Tiziano Vecelli Titian Italy
11-1490 Venice, ITA – 8-27-1576 Venice, ITABack to Artist IndexView Artists Paintings
Tiziano Vecelli Titian greatest and most versatile artist of the Venetian Renaissance, Titian excelled equally at portraiture, religious pictures and mythological scenes. His painting methods, particularly in the application and use of color, would exercise a profound influence not only on painters of the Italian Renaissance, but on future generations of Western art.
Born in the Dolomite region, he arrived in Venice as a young boy and was apprenticed to a mosaicist. Turning to painting, he entered the studio of Giovanni Bellini, before joining forces with Giorgione. After Giorgione's premature death in 1510, Titian's star rose quickly.
In 1511, he gained a major commission for frescoes in Padua, and in 1516 was appointed as the official painter of the Venetian Republic.
This honor enhanced Tiziano Vecelli Titian's international reputation and soon, offers of work began to flow in from the princely rulers of Ferrara, Urbino and Mantua. The painter did not always accept these commissions, as he was notoriously reluctant to travel, but some patrons could not be refused. The most distinguished of these was the Emperor Charles V. After the initial meeting in 1529, Titian was appointed Court Painter in 1533 and given the rank of Count Palatine. In 1548, he worked at the Imperial Court at Augsburg and his services were also prized by Charle's successor, Philip II.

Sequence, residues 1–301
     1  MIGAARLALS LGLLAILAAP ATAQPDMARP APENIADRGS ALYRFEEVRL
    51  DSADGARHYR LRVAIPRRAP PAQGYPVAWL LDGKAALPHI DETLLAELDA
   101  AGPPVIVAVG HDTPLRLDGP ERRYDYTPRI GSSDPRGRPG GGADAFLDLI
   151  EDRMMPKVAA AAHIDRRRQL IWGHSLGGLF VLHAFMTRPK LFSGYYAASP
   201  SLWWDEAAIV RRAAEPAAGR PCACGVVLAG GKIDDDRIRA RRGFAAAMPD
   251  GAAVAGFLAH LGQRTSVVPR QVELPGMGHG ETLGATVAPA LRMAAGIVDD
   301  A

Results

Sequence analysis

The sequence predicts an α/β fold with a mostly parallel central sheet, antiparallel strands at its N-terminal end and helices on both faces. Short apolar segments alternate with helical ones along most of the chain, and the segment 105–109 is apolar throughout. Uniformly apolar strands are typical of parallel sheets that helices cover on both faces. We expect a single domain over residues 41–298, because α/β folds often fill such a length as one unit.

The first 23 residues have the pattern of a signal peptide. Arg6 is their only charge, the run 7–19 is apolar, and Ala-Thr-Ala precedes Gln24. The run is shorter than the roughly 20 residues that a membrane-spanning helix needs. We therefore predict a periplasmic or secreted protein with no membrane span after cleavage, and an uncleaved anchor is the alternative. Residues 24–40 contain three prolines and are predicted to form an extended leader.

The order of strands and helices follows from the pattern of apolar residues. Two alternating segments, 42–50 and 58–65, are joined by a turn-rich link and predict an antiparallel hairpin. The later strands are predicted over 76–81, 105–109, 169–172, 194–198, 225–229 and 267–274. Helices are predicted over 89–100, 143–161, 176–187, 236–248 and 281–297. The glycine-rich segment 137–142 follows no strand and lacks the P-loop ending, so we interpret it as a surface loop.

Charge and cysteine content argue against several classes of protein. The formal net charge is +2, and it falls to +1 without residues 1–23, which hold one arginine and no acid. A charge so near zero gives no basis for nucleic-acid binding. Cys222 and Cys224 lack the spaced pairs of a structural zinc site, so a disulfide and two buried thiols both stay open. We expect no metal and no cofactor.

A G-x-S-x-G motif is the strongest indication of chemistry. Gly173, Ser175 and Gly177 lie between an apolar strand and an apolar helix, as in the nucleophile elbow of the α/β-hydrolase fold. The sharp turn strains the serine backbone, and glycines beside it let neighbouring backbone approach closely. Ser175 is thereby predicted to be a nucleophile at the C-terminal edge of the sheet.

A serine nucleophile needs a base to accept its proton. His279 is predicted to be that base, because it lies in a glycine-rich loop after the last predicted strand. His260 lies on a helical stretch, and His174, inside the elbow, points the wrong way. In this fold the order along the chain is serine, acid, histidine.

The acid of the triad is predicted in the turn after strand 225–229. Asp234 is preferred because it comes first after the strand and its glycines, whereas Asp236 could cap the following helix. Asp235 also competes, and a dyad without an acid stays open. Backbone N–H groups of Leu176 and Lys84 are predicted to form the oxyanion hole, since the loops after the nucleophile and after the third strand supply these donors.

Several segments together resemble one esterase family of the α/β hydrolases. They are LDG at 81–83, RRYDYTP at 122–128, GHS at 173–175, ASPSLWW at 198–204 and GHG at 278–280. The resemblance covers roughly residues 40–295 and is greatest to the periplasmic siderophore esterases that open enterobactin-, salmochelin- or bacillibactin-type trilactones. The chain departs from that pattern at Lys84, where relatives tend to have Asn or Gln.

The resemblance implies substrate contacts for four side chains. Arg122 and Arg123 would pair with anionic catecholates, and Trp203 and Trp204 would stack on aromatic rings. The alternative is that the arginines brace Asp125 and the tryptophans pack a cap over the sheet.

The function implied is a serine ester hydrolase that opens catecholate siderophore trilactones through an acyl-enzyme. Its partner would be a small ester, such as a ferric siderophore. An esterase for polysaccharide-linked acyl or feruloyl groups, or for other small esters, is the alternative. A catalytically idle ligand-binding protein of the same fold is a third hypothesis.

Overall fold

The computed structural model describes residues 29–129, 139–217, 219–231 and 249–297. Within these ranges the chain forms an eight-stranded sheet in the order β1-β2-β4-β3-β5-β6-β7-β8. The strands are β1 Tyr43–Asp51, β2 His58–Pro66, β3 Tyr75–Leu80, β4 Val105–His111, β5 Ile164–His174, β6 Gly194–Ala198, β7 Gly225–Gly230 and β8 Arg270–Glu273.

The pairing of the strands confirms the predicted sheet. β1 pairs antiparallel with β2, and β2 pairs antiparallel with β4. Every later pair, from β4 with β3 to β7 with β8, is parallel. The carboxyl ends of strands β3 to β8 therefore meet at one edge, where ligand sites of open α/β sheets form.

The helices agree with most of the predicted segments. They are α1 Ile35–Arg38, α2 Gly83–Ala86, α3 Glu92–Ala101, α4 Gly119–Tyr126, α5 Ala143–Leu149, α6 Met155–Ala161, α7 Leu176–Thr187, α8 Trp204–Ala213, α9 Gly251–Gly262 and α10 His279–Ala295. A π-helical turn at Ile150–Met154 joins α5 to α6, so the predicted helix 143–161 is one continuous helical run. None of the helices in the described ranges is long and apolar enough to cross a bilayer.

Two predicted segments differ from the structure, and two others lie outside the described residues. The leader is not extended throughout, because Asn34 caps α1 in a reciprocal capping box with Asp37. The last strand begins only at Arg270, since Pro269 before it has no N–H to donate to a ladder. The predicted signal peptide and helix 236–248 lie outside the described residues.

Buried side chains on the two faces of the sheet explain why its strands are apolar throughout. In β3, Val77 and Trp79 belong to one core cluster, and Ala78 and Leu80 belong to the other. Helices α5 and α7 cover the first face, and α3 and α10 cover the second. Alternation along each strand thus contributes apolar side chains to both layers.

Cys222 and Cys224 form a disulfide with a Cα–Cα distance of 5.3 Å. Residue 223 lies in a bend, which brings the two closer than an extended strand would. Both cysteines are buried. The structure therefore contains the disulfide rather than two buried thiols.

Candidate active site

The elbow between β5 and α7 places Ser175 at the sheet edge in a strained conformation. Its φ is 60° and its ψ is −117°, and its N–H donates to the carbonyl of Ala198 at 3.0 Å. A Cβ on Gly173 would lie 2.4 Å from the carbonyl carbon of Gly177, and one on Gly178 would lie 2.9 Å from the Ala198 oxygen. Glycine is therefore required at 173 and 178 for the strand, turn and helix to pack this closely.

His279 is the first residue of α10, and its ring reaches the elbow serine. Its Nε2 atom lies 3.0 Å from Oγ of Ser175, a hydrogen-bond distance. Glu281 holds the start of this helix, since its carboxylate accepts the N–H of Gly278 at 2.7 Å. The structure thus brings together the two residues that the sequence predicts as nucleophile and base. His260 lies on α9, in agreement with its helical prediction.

Tiziano Vecelli Titian's unmatched handling of color is exemplified by his Danaë, one of several mythological paintings, or "poesie" ("poems") as the painter called them. This painting was done for Alessandro Farnese but a later variant was produced for Philip II, for whom Titian painted many of his most important mythological paintings. Although Michelangelo adjudged this piece deficient from the point of view of drawing, Titian and his studio produced several versions for other patrons.
Two of Titian's works in private hands have been up for sale. One of these works, Diana and Actaeon, was purchased by London's National Gallery and the National Galleries of Scotland in 2009 for $71 million. In 2011, Madonna and Child with Saints Luke and Catherine of Alexandria, was sold for $16.9 million.
Art Movement: Renaissance Art
Influences: Giovanni Bellini, Giorgione
Influenced: El Greco, Paris Bordone, Bonifazio Veronese